As standard, the 720S has a four-speaker JVC Kenwood stereo that offers, according to McLaren, ‘the perfect blend between weight and performance’. Still, I’d willingly sacrifice a few kilograms (and £3,540) for the 12-speaker Bowers & Wilkins system fitted here. It’s a fitting accompaniment for the twin-turbo V8.

A week is not enough

McLaren 720S

Spending seven days with the 720S was rewarding and revealing. During its time in our care, the McLaren tackled lengthy commutes, school runs, M25 tailbacks, London gridlock and even, yes, the odd B-road blast – and never felt less than sensationally special.

The Lamborghini Huracan Evo has the edge in terms of outright excitement. Perhaps the Ferrari F8 Tributo does, too: I haven’t tried one. But a Lamborghini isn’t a car you’d want to drive every day, and both the Italians have – to my mind – a rather divisive image. Being from somewhere as incongruous as Woking doubtless helps, but the McLaren seems to epitomise tech-led, wildcard cool.

Three years after launch, this is still our benchmark supercar. Driving it for seven days makes one weak.

McLaren developing ventilators

McLaren and Nissan join race to build ventilators for the NHS

McLaren developing ventilators

McLaren and Nissan have joined aerospace company Meggitt in the race to develop and manufacture ventilators. The equipment is desperately needed in the fight against coronavirus, which attacks the respiratory system.

Ventilators are in short supply in the UK at the moment, such that prime minister Boris Johnson has called upon industrial leaders to redirect their focus.

Thus McLaren, which was hard at work preparing to deliver 106 seven-figure Speedtail hypercars, is now helping make medical equipment.Nissan manufacturing ventilators

The initiative is working under the leadership of Dick Elsy, chief executive of High Value Manufacturing Catapult, a Solihull-based research centre.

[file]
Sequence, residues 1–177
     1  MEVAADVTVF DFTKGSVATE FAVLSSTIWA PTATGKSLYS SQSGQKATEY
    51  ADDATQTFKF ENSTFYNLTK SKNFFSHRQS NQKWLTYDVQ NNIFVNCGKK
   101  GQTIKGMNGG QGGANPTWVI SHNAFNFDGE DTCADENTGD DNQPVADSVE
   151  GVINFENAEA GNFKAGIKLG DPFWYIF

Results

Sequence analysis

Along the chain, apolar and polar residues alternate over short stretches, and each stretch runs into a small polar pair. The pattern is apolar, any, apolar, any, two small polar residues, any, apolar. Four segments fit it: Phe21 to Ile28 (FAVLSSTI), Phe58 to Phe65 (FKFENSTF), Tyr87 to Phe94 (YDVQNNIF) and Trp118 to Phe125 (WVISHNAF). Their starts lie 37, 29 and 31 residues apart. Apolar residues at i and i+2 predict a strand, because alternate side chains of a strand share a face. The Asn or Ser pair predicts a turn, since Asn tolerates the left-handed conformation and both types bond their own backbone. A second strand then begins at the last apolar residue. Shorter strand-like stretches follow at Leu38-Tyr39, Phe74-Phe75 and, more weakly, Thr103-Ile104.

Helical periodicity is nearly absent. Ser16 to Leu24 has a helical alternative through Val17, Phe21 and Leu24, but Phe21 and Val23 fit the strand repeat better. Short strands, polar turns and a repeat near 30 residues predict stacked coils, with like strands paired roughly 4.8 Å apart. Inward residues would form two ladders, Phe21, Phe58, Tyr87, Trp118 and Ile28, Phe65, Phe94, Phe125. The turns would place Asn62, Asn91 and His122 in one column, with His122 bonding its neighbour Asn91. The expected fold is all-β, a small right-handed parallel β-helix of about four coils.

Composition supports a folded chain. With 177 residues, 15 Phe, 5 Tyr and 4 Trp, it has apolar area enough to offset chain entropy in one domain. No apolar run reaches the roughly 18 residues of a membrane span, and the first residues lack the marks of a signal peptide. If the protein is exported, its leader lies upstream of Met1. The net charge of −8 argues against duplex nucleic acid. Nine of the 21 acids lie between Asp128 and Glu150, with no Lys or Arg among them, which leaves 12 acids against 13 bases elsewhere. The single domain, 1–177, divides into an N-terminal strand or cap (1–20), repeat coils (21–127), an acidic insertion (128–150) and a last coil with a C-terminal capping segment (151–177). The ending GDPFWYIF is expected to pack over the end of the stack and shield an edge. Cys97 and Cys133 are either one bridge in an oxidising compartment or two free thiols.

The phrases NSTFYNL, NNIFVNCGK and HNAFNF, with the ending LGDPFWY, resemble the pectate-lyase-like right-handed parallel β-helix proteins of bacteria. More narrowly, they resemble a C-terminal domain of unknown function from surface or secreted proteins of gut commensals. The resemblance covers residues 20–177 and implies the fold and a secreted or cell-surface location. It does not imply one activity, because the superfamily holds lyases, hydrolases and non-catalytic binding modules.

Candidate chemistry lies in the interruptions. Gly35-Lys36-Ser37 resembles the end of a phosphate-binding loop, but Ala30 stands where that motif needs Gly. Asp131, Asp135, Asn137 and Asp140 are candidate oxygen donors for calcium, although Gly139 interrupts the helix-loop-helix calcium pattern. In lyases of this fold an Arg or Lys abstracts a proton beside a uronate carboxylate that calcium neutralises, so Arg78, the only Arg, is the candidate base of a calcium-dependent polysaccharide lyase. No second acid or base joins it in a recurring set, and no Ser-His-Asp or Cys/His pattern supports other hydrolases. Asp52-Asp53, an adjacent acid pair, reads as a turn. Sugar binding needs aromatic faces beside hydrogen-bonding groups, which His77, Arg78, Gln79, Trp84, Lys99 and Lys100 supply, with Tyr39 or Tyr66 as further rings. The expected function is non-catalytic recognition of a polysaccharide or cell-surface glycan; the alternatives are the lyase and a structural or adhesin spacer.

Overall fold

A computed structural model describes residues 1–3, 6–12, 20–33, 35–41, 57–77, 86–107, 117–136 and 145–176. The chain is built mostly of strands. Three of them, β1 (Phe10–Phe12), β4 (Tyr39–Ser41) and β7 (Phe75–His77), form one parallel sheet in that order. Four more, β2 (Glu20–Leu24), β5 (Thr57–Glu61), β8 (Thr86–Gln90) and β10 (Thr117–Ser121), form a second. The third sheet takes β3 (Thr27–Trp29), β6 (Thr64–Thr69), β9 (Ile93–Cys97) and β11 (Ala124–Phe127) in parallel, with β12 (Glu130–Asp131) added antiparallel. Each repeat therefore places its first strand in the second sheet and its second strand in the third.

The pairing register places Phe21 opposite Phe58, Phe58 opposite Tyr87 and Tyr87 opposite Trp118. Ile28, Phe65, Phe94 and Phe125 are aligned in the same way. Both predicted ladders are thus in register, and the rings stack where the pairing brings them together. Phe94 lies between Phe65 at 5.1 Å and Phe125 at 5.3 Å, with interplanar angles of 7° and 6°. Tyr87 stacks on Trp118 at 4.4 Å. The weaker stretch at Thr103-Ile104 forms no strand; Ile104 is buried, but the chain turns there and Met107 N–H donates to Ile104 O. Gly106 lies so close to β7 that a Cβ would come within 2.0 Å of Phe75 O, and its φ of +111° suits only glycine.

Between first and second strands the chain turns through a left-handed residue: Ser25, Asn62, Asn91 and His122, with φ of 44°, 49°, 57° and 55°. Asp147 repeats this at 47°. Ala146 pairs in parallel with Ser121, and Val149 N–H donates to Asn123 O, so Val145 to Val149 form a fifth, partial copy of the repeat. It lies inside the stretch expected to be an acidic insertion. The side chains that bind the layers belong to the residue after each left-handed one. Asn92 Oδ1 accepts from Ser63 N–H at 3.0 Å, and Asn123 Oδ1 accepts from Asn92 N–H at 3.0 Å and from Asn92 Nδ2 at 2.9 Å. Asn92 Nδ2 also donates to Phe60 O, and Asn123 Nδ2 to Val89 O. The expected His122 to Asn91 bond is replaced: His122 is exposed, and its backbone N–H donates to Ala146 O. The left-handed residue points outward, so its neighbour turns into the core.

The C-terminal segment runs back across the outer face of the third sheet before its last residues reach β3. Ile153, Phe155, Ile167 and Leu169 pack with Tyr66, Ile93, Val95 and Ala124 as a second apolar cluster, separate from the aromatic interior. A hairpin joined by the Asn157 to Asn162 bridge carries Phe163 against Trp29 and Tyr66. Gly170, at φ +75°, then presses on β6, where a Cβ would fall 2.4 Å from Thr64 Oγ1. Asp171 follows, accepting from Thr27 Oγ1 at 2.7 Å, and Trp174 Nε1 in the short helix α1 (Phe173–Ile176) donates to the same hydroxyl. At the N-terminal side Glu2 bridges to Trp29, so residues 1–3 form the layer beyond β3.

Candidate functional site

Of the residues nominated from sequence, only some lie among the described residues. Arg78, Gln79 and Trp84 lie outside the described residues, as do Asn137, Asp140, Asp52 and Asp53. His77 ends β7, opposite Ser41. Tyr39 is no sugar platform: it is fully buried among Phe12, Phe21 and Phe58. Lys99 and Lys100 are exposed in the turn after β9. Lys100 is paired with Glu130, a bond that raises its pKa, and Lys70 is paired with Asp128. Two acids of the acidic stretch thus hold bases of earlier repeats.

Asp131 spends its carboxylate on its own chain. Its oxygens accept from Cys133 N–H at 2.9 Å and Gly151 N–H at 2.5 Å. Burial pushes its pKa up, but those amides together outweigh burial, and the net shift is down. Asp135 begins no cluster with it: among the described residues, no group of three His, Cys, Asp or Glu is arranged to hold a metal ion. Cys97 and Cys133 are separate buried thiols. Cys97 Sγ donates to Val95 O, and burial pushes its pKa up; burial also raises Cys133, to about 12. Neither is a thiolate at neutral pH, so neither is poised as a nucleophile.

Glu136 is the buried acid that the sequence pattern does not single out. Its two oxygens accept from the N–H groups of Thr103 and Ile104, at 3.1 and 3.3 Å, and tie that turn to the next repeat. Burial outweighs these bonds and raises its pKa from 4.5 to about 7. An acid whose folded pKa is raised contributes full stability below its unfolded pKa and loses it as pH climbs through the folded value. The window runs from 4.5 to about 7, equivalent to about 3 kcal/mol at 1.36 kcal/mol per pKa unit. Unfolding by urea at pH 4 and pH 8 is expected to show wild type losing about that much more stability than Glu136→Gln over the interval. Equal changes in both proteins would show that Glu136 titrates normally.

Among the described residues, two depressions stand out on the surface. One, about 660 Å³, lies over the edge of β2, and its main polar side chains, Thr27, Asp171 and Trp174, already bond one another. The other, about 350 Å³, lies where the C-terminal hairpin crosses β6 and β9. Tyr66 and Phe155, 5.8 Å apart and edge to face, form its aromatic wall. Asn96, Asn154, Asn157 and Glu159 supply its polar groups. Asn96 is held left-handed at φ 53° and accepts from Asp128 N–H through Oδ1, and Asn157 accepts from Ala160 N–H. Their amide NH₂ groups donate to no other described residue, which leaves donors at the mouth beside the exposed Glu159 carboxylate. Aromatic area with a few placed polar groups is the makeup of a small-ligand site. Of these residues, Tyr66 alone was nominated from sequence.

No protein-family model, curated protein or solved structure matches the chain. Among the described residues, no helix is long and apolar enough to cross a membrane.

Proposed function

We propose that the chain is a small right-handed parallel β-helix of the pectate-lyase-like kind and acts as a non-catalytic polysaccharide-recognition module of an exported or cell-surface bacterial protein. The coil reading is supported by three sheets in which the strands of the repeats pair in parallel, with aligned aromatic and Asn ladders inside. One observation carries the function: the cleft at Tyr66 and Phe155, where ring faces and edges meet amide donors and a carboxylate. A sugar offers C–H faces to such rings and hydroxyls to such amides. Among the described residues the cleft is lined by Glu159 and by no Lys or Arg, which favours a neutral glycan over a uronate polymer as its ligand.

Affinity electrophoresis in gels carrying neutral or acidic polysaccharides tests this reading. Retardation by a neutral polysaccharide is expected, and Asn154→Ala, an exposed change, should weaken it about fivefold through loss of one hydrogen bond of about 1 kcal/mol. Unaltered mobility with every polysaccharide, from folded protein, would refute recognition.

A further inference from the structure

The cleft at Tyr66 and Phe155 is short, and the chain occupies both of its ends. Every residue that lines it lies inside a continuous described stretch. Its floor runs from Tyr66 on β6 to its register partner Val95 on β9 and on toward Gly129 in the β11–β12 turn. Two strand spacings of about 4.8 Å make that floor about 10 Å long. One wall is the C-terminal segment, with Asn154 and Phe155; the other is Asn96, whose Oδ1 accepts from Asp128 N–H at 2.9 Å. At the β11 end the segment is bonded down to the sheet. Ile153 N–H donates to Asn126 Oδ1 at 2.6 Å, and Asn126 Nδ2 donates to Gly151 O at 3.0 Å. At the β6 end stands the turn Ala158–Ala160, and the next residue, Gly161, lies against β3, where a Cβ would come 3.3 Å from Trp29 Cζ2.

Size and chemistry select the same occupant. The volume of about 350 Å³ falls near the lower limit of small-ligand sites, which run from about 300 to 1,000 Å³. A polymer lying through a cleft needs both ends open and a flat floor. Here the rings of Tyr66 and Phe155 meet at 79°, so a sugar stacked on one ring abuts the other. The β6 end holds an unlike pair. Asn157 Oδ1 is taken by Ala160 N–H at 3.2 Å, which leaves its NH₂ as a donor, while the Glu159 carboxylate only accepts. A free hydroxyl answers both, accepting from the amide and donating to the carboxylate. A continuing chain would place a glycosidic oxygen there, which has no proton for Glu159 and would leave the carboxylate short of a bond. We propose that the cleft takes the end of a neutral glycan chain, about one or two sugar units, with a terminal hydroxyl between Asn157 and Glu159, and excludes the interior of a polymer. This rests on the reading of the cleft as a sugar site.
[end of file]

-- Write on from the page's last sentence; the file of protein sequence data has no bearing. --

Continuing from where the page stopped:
The target is to manufacture 5,000 ventilators as soon as possible, and follow up with a further 30,000. The UK’s current ventilator supply is around 5,000 – far short of what may be needed. The effort is targeting the manufacture of a basic prototype by next week. 

At last count (Wednesday 19 March), the number of people infected with coronavirus in the UK sat was around 2,600, with more than 100 deaths. 

McLaren assisting development of ventilators

According to sources close to The Financial Times, McLaren is lending its design expertise to the effort, while Nissan is leading on the manufacturing side. Other aerospace companies working on the project include GKN, Airbus, Thales and Renishaw. Airbus, for instance, is lending its 3D printing capabilities to the project. 

This follows news yesterday that Vauxhall was getting in on the ventilator effort, lending assistance with 3D printing. Jaguar Land Rover and Rolls-Royce have also said they will provide support.

McLaren Senna in Forza Horizon 4 Xbox video game

McLaren’s digital influence means 12-year-olds are selling supercars

McLaren Senna in Forza Horizon 4 Xbox video game

McLaren Automotive admits it still has work to do in terms of brand awareness, but the company is outperforming expectations in one important channel – digital.

“We have 12-year-olds bringing their dads into our showrooms, saying they must check out the new McLaren,” said Jolyon Nash, global sales and marketing director.

“Their dad might not be fully aware of us, but I’ve anecdotally heard of some ending up buying a McLaren instead of a rival supercar.”